NB: when I say “the equivalent of” I specifically refer to on-the-job training, actually DOING stuff; Uni is just one way to learn things.

                The problem is, its bloody complicated. Explanations to lay audiences tend to be shorn of almost all scientific content, making them little more than waffly stories. And it can be hard to tell a bullshit waffly story from one based on facts – especially bullshit spoken with earnest conviction.

                This is actually how idiots like monckton get away with spinning their bullshit. He specifically relies on the fact that almost no-one who listens to any of his talks will actually read the papers he references. If you take the trouble to do that, you will find that in almost every case the paper actually says the opposite of what monckton claims. But it takes time and effort to do that, and most people just dont bother. He sounds credible (to the lay person), and gives lots of references, so it must be true, right?

                Put it like this: almost every climate scientist in the entire world agrees that its real, its happening and we’re doing it. and thats many thousands of individuals. Those who disagree number in the dozens (how many academics in NZ have come out in support of Chris de Freitas? AFAIK you can count them on the fingers of one spatula).

                Now think of it like this: if 99% of all the worlds oncologists said “X causes cancer” would you believe them, or the 1% who think its fungus and can be cured by drinking bleach?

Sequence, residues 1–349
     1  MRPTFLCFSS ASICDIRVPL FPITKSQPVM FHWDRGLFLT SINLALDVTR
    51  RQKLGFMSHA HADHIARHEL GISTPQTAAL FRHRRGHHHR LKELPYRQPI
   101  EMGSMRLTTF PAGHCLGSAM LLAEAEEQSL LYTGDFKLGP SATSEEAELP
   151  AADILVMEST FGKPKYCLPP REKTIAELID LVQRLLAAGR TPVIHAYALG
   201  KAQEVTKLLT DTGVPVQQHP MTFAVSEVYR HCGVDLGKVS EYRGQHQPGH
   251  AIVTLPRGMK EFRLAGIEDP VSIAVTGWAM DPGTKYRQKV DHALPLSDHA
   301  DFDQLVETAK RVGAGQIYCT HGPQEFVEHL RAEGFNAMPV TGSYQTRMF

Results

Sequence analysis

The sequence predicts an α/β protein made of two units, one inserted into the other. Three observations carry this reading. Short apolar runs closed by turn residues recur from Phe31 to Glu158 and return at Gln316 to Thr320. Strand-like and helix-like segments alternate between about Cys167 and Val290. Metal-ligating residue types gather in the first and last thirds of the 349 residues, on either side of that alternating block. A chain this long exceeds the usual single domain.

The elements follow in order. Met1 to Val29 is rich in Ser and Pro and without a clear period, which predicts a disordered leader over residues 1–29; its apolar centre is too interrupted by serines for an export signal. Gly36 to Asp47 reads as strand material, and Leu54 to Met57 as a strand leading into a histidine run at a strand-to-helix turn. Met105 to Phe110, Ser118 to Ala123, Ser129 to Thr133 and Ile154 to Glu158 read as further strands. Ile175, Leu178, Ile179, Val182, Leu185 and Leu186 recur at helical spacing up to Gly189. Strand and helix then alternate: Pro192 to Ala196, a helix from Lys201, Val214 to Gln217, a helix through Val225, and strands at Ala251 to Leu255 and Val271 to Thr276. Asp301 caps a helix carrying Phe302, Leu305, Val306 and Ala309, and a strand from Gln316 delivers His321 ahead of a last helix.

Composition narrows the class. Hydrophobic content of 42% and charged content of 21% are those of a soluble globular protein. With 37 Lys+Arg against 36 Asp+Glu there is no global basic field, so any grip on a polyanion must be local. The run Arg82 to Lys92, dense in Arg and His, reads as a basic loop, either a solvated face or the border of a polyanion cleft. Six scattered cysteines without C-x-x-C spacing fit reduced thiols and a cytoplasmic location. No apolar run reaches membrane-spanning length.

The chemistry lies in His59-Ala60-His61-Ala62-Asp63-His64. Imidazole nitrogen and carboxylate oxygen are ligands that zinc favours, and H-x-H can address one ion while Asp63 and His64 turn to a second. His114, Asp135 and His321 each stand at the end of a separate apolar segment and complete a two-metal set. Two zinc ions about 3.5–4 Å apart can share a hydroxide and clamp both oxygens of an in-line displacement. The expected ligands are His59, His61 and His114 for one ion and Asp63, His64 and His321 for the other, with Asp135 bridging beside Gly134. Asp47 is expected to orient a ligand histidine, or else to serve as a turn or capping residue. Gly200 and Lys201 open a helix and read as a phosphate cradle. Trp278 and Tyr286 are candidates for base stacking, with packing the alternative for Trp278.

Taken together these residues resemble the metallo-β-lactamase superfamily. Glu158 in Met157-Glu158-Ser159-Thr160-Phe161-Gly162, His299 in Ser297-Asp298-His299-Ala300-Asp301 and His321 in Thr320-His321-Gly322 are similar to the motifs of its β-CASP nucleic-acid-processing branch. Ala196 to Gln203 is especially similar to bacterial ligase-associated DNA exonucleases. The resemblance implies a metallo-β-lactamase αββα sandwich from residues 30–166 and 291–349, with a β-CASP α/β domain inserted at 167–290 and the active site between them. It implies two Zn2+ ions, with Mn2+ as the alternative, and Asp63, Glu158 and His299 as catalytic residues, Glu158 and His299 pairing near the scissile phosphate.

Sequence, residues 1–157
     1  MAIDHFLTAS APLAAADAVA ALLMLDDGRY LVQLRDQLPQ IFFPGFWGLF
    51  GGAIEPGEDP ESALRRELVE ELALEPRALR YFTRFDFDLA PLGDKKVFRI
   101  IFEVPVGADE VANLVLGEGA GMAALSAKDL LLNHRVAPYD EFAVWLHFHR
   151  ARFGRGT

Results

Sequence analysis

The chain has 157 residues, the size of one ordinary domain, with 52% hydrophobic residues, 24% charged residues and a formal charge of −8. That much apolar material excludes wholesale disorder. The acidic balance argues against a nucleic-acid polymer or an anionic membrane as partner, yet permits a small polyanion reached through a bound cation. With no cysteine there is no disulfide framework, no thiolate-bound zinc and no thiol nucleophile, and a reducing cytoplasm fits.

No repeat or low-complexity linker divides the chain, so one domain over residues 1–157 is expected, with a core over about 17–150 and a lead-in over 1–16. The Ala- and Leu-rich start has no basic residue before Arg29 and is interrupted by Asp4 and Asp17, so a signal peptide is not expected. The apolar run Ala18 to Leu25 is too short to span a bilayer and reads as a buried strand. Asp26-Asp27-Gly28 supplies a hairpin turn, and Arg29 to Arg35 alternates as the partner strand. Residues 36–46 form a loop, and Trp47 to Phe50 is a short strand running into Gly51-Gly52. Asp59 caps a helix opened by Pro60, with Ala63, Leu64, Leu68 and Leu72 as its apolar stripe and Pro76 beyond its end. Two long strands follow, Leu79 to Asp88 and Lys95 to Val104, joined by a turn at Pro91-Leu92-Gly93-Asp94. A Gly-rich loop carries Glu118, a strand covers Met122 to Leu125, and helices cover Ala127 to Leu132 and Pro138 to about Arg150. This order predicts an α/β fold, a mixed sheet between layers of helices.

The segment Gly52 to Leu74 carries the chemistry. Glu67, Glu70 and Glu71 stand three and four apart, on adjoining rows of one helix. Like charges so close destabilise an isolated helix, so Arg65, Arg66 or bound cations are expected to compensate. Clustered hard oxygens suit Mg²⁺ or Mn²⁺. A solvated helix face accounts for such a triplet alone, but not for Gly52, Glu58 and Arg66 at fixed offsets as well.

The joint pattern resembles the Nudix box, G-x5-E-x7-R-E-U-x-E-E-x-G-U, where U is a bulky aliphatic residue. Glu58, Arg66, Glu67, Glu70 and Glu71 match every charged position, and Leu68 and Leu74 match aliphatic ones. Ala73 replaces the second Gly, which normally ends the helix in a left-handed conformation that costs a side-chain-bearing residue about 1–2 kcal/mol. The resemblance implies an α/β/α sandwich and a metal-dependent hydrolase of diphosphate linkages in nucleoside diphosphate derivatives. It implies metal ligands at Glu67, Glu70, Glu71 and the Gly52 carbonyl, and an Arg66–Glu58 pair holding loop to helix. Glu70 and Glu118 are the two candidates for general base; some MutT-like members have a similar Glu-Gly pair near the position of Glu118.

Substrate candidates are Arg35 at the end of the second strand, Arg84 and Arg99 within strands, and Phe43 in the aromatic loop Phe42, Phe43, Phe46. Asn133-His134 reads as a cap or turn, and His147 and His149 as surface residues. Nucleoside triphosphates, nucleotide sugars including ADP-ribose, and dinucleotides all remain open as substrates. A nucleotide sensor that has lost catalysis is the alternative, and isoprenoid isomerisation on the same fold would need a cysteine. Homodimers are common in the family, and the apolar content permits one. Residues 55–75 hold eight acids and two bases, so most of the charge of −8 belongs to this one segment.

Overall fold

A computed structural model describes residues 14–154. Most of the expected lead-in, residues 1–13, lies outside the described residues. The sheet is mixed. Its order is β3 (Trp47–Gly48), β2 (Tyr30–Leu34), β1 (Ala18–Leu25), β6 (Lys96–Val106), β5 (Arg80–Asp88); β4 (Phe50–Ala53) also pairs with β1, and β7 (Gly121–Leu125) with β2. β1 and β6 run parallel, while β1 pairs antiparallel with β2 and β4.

And lets not forget there are currently ~6,500,000,000 people on the planet right now – in 1800 it was about 1,000,000,000 – essentially NONE of whom used fossil fuels at all.

                • Vicky32

                  OK, you say ‘almost every climate scientist agrees’… but you don’t give me any reason to agree with them! It’s not all that long ago, that “every geologist agreed” that Alfred Wegener was a nutjob, and that continental drift couldn’t possibly be true… 🙂 Truth is really not a popularity contest!
                  I really  don’t think that humans have had, or even can have, any effect on the earth’s climate – and I am getting seriously unhappy that so many otherwise sensible people are bellowing “Arrgghh, climate change! There are only two answers – sterilise the 3rd world, and then let’s all go nuclear!”
                  The “the only possible way of salvation from climate change is to build nuclear power stations, and then let’s make sure the poor can’t undermine our efforts by continuing to use coal/wood” people seriously worry me…

                  • Draco T Bastard

                    So, I am scientifically illiterate. You convince me!

                    Wouldn’t it be better if you just listened to the scientifically literate people (ie, not Monckton and the denialists) who have studied the phenomenon (climatologists) and believe them? It’s why we have specialists in the community – because no one person can know everything.

                    It’s not all that long ago, that “every geologist agreed” that Alfred Wegener was a nutjob, and that continental drift couldn’t possibly be true

                    Science doesn’t give absolute answers and it’s subject to change but, ATM, our scientists best knowledge is that there’s a better than 90% chance that we’re causing climate change.

                    Truth is really not a popularity contest!

                    No it’s not. It’s not subject to anybodies belief either.

                    I really don’t think that humans have had, or even can have, any effect on the earth’s climate…

                    No, it’s not that you “don’t think” humans can – it’s that you don’t believe and you don’t want to believe and yet the facts show quite clearly that we can. NZ has lost between 70% and 80% of it’s native forest cover, Europe is probably closer to 90% (and huge amounts of that was cleared before the Industrial Revolution), Britain shifted to coal because they’d run out of wood, The Amazon is being cleared at close to 20,000 square kilometres per year and other rainforests are also being cleared. Deforestation is a major contributor to climate change.